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May 20

At the 2010 e-Patient Connections conference, Dr. Ted Eytan of Kaiser Permanente shared stories about how participation changes things in healthcare. He talked about everything from patient access to physicians by email, to more control over personal health records, to looking at climate change as a health issue and changing the way they build their buildings. Kaiser is truly working to facilitate better health and increase participation.

And they’re getting results, even in preventative care. For example, if you’re a female Kaiser Permanente health plan member in Hawaii you’re one of the more than 80% who have gotten a mammogram. That’s the best rate for any health plan in the US.


Watch video * Visit sponsor: Klick

Physicians at Kaiser Permanente have been working electronically for the past 3 to 10 years.

In the 2nd quarter of 2010, among the 3.1 million members who are using My Health Manager:

  • 2.6 million emails were sent to doctors
  • 2 million prescriptions were filled
  • 5 million lab test results were delivered - in some cases to the patient receives them at the same time as the physician does.

When it comes to healthcare - more involvement is better!

The working agenda for the 2011 e-Patient Conference is now available - its shaping up to be a great show.  The super early bird rate expires at the end of the month so be sure to check it out!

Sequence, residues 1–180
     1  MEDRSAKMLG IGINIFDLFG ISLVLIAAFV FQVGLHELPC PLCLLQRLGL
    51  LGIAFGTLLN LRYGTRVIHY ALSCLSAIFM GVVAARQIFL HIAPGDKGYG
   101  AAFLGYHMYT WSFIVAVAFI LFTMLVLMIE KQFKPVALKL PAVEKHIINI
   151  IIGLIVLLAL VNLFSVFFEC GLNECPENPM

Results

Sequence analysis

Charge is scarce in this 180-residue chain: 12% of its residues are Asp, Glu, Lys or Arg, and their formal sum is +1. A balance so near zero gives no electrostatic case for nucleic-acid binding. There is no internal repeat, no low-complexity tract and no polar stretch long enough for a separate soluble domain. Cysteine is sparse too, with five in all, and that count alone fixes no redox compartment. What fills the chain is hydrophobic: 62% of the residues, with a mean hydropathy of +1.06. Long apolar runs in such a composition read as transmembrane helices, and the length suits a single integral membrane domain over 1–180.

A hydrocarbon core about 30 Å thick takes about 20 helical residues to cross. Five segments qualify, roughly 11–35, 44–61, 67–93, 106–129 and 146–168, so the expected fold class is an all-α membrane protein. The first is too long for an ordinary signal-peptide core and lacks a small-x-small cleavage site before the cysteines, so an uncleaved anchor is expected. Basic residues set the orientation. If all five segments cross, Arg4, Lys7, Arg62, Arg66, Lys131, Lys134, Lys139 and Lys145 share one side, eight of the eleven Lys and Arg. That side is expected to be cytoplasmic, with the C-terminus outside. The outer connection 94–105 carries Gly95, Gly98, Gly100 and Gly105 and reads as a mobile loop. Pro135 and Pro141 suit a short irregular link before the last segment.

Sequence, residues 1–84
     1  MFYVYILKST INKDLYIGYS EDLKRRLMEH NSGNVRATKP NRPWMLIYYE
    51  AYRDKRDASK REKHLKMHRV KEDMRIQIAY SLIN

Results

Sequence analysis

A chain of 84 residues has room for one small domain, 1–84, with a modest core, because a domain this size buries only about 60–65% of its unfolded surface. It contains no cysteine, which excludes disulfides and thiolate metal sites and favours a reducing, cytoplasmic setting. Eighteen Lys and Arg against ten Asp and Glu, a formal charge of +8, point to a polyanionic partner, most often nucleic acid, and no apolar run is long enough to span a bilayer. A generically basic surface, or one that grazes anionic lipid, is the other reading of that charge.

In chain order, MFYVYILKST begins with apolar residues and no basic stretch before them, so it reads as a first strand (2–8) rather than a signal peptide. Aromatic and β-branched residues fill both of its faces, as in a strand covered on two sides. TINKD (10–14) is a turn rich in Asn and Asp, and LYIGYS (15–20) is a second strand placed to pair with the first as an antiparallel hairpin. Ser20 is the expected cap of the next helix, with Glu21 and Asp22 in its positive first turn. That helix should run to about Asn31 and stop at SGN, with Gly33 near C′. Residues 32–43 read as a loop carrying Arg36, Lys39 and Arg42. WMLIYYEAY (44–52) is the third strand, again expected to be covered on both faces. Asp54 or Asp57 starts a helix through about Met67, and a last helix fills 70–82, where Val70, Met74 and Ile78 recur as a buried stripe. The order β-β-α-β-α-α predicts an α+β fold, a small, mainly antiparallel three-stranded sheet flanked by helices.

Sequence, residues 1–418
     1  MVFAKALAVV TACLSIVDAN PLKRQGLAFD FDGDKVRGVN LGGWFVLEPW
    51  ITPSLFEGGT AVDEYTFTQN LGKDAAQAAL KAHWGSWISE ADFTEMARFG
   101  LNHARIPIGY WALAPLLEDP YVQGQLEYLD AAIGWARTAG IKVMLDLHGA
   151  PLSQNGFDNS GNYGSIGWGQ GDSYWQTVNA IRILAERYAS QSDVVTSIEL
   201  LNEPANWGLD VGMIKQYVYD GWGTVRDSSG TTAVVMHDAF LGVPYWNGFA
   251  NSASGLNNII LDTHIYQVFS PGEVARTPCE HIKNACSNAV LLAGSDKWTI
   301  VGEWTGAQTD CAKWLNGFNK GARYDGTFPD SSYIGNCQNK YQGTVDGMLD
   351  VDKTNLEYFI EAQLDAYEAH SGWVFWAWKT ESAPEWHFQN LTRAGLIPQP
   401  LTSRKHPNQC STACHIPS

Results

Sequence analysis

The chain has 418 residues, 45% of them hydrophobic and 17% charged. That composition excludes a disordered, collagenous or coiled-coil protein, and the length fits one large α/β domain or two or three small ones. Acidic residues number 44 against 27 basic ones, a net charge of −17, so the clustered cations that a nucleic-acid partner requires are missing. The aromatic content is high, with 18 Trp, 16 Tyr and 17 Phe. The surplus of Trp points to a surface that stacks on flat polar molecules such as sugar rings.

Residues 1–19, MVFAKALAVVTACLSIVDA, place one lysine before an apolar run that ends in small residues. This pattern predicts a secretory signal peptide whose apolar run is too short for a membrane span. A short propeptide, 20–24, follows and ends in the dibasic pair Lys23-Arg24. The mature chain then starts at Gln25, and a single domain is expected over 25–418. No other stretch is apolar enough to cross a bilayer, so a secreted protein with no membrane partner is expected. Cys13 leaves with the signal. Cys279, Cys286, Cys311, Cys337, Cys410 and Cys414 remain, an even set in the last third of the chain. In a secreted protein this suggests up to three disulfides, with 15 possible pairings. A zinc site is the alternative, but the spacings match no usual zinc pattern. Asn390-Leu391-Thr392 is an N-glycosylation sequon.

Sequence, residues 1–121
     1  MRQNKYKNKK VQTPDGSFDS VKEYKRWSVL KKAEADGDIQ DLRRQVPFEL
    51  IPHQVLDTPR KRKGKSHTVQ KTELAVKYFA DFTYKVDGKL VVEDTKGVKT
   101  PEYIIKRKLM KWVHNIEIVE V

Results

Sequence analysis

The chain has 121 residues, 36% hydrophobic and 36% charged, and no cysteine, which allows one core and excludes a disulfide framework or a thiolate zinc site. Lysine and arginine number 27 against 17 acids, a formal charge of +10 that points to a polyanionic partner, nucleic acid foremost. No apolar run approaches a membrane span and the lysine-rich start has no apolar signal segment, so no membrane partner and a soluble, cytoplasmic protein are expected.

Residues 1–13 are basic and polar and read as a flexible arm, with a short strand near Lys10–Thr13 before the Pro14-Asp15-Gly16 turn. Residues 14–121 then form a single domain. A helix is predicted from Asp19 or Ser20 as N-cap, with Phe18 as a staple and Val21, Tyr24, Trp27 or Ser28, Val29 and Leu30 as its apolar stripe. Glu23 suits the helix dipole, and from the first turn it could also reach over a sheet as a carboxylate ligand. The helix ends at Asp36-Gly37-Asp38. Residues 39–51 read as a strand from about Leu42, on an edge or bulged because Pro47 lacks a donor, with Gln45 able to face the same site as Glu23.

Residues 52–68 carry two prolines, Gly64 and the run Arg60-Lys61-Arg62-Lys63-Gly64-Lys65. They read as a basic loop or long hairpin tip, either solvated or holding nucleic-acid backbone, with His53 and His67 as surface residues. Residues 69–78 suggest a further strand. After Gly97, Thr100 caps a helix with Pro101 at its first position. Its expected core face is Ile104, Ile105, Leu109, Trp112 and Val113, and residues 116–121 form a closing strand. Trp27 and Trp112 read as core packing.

May 06

Lisa Emrich, empowered patient and e-patient blogger, gets candid and explains what she wants and expects from interacting with pharma: information, information, information … and the feeling that somebody actually cares.


Watch video * Visit sponsor: Klick

Lisa recounts the story of a pharmaceutical company sponsored MS community that was started in 1997 and over time, amassed more than 45,000 members. When it was shuttered in 2006, its members were left “homeless” and distrustful of the company. They started their own community - called “MS Refugees.”

Now, as opposed to in 1996, it’s much easier for patients to find and provide information to others online. And even so, no other MS communities have grown to nearly the size that the pharma-sponsored community had been.

Lisa talks about how pharma companies can gain trust and provide value for patients like her.  She says the safety and efficacy of drugs is assumed, it’s the information and help that counts.